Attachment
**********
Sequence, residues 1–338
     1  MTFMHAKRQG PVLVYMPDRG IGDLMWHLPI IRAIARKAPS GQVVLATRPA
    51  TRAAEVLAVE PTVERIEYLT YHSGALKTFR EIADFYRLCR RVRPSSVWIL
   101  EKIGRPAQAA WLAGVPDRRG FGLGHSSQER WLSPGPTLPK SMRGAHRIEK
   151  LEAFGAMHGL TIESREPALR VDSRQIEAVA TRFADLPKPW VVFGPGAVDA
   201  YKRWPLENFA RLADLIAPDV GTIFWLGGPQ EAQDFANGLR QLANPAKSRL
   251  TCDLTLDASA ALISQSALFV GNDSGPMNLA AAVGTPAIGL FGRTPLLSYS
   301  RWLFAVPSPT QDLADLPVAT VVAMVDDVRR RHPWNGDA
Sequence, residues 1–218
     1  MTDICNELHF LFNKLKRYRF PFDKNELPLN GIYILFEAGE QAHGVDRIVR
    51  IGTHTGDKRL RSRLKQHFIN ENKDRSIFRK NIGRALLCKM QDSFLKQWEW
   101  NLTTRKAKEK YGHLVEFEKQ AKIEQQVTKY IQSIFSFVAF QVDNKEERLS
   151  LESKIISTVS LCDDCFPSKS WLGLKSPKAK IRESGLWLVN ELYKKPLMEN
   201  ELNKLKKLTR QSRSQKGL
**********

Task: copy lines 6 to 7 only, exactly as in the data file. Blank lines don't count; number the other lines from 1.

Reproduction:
   201  YKRWPLENFA RLADLIAPDV GTIFWLGGPQ EAQDFANGLR QLANPAKSRL
   251  TCDLTLDASA ALISQSALFV GNDSGPMNLA AAVGTPAIGL FGRTPLLSYS